Ever since Amazon first began selling books online, bricks-and-mortar stores have maintained that the e-tailer had an unfair economic edge since it was not required to collect sales tax in states where it has no presence. But with Amazon's rapid growth, booksellers began arguing, as far back as nine years ago, that Amazon had a legal “nexus” in most states and should be obligated to collect tax, a position Amazon has firmly and successfully rejected. There are signs, however, that change could be coming.

In November, new members joined the California Board of Equalization, and its new president, Betty Yee, has indicated in public comments that she is inclined to support the collection of online sales tax. The staff of the BOE, which is California's tax collection arm, has actively investigated the Amazon sales tax issue in recent months, and Hut Landon, executive director of the Northern California Independent Booksellers Association, is hopeful that a decision is relatively close. “One way or another, I think we will have a resolution before the end of the year,” Landon said. The NCIBA's position is that Amazon's affiliate programs constitute a nexus in every state, and therefore the e-tailer should be required to collect sales tax.

In addition to a possible decision by the BOE, late last month Sen. Mike Enzi (R.-Wyo.) reintroduced the Sales Tax Fairness and Simplification Act, legislation that would force all e-commerce companies to collect sales tax, even in states where they don't have a physical presence. The ABA supports the Enzi bill and is monitoring events in California as well. Oren Teicher, ABA COO, observed that if the bill is passed it would create a federal mechanism for states to collect sales tax. The problem with the legislation is that states must “opt in,” meaning that they must have their own laws that require e-tailers to collect tax. At present, 21 states have such laws, but with a few exceptions, most of the larger states do not. Since passage of the federal law and then new state laws could take years, the ABA is hopeful that a favorable ruling by the California BOE will speed the implementation of other states collecting sales tax from Amazon. “I think you would see a domino effect,” Teicher said.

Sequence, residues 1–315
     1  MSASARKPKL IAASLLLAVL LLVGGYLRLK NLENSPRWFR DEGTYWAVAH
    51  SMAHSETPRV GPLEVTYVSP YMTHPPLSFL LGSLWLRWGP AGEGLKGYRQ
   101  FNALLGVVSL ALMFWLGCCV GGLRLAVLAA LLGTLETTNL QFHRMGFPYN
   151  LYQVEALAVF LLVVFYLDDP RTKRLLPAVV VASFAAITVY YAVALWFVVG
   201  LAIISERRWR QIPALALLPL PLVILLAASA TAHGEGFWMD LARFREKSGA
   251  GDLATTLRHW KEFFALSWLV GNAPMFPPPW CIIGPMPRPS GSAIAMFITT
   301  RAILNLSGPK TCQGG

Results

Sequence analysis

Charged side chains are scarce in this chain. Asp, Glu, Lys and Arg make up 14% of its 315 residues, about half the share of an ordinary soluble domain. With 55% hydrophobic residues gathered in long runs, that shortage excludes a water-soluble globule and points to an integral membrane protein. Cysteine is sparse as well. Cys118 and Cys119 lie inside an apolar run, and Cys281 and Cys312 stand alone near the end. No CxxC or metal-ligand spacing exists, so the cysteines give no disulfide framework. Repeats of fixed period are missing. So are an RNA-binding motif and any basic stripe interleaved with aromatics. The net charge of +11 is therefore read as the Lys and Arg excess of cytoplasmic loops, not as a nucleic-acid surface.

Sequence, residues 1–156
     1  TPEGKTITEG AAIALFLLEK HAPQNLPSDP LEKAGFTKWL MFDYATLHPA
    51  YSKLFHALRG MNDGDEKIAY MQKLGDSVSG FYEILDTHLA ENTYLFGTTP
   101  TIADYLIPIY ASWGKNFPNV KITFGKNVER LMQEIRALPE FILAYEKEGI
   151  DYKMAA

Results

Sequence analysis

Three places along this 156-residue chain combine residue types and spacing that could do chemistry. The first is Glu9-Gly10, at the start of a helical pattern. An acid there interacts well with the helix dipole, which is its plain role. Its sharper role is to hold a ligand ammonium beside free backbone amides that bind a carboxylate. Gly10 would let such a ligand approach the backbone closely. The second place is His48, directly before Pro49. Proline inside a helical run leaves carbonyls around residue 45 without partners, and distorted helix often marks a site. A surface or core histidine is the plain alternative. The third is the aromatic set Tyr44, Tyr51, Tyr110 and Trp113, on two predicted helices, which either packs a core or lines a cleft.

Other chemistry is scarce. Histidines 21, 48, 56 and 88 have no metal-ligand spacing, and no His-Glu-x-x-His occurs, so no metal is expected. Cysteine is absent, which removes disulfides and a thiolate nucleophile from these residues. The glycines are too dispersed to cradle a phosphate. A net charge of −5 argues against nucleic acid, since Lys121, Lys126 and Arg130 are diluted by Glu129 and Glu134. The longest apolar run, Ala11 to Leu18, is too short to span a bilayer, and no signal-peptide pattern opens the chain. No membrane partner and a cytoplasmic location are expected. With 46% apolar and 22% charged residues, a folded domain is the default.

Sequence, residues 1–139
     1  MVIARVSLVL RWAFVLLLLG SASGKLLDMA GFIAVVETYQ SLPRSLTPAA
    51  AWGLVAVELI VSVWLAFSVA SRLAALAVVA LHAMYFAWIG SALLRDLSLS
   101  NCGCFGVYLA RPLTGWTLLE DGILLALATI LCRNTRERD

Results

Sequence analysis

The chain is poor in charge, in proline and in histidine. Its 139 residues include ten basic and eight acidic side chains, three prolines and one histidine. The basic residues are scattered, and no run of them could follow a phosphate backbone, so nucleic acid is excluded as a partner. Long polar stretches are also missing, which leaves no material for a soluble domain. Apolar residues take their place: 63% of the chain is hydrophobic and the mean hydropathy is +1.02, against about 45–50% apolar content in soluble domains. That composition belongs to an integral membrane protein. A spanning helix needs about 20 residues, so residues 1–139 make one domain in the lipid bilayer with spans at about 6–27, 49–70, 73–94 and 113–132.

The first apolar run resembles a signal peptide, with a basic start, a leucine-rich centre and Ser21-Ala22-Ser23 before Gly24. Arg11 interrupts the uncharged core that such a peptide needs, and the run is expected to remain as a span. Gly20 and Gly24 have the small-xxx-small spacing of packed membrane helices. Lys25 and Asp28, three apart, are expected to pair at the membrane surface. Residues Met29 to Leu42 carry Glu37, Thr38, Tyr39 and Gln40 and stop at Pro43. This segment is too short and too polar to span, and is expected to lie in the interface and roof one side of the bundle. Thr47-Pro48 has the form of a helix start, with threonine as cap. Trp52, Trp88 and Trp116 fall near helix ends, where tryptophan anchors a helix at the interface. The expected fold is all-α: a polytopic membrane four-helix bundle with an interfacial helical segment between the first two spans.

Amazon did not return calls about the sales tax question. The issue appears to be one of growing concern, however. Late last week, the Associated Press reported that the company had hired the lobbying firm Cauthen Forbes & Williams to lobby Washington on a range of Internet matters, including taxes. And big companies have been known to change their stance on the tax question. Following its acquisition of the 50% of Barnes&Noble.com that had been owned by Bertelsmann, Barnes & Noble stepped up the collection of online sales tax and now collects tax in all states that have a sales tax. Two cases involving the collection of back taxes on sales made before it began collecting the tax are still under review.

Despite the length of time the BOE has dragged its heels, the tax issue remains the NCIBA's top priority, Landon said. Booksellers believe that if Amazon were forced to collect sales tax, which averages about 8% in California, it may be forced to reduce the deep discounts it gives on books. The issue remains high on the agenda of the ABA as well. “All we've ever asked for is for everyone to be treated the same,” Teicher said.